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+1 vote
His writings display a great understanding of the human condition, although he never seems to say so, he appears to be akin to anarchist thought. What do y'all think?

The reason I never expanded my question was simply that I posted one a few weeks ago with various quotes and a little background of his rise to fame all of which demonstrate his disdain for society as it was/as it is, and yet goes so much deeper by getting to the root of the real issue, that being our way of falsity. Anyway for some reason the site owner decided to delete the whole post. Which I found strange as I thought anarchists would be open to a discussion concerning every aspect of anarchy.

A quick internet search will reveal all that anyone needs to know about this man and the vast volume of work he left behind. Here are a few quotes.

“Governments want efficient technicians, not human beings, because human beings become dangerous to governments – and to organized religions as well. That is why governments and religious organizations seek to control education.”

“When you call yourself an Indian or a Muslim or a Christian or a European, or anything else, you are being violent. Do you see why it is violent? Because you are separating yourself from the rest of mankind. When you separate yourself by belief, by nationality, by tradition, it breeds violence. So a man who is seeking to understand violence does not belong to any country, to any religion, to any political party or partial system; he is concerned with the total understanding of mankind.”

“Freedom and love go together. Love is not a reaction. If I love you because you love me, that is mere trade, a thing to be bought in the market; it is not love. To love is not to ask anything in return, not even to feel that you are giving something- and it is only such love that can know freedom.”

“To ask the right question demands a great deal of intelligence and sensitivity. Here is a question, a fundamental question: is life torture? It is, as it is; and man has lived in this torture centuries upon centuries, from ancient history to the present day, in agony, in despair, in sorrow; and he doesn't find a way out of it. Therefore he invents gods, churches, all the rituals, and all that nonsense, or he escapes in different ways. What we are trying to do, during all these discussions and talks here, is to see if we cannot radically bring about a transformation of the mind, not accept things as they are, nor revolt against them. Revolt doesn't answer a thing. You must understand it, go into it, examine it, give your heart and your mind, with everything that you have, to find out a way of living differently. That depends on you, and not on someone else, because in this there is no teacher, no pupil; there is no leader; there is no guru; there is no Master, no Saviour. You yourself are the teacher and the pupil; you are the Master; you are the guru; you are the leader; you are everything. And to understand is to transform what is.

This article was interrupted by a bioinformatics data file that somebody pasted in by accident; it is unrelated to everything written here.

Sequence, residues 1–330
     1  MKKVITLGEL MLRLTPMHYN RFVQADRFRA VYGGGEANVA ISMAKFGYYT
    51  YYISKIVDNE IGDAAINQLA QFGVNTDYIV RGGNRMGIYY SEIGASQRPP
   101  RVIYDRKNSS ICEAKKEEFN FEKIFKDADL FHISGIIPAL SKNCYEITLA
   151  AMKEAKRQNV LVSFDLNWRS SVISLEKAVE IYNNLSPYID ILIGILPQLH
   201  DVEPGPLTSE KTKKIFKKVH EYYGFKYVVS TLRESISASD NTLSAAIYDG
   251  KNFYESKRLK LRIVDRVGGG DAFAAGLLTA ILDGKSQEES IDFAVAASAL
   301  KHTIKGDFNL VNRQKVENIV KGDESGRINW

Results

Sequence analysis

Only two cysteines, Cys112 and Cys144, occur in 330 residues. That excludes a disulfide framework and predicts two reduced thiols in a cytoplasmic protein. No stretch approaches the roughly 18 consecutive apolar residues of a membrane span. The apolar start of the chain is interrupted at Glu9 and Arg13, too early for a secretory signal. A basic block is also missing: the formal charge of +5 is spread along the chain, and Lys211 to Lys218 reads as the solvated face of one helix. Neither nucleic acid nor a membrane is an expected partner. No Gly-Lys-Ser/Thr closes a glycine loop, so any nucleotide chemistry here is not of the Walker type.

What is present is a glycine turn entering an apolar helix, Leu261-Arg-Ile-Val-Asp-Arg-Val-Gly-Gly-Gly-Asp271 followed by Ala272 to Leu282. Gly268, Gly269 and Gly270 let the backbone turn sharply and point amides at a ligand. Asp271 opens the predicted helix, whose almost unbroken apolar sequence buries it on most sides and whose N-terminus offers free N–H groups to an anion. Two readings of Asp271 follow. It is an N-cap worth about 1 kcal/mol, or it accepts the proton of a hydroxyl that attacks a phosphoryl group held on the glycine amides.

I think that will be enough, won't it?”
I don't know who that is, so, to directly answer your question, I don't think of J. Krishnamurti one bit, except to comment here. If you expanded on your question with context of who this person is, and maybe provided some examples of where and how his thinking aligns with anarchism, I might be interested in engaging further.

some threads here that mention him

"it is not a sign of good health to be well-adjusted to a sick society"

that may be slightly paraphrased, but that is a quote from krishnamurti. you don't have to be an anarchist to appreciate that. it is one of very few slogans i have ever deeply appreciated.

but more to the question, some old issue of green anarchy had a piece (it was part of a series): "reclaiming krishnamurti for anarchy". you might be able to find it on the anarchist library, or perhaps lbc has the back issue.

edit: found it here
your previous question was deleted by mistake. glad you tried again.

1 Answer

+1 vote
i don't know anything about krishnamurti (except his name is fun to say). but there's probably something worth saying about anarchist principles not being specific to anarchy. it was a big tactic of crimethinc's in particular: to claim so many people for anarchy (as anarchists) because they said things that fit easily within the parameters of anarchist thinking.

while that's useful in certain contexts (to explain the breadth and accessibility of some of what we think, for example), in other ways it is disingenuous, or maybe just misleading, since the edge of anarchy is what people do have a hard time with: the idea that we would do better without so many of the things that we take for granted and rely on today.
by (53.1k points)

in "fighting for our lives" (i think it was that), crimethinc painted some rather broad pictures of "normal" behavior that they presented as anarchist. calling it "anarchist" when a bunch of friends make dinner together could be misleading. though i do think it is important to point out when anarchistic ideas are not specific to anarchy.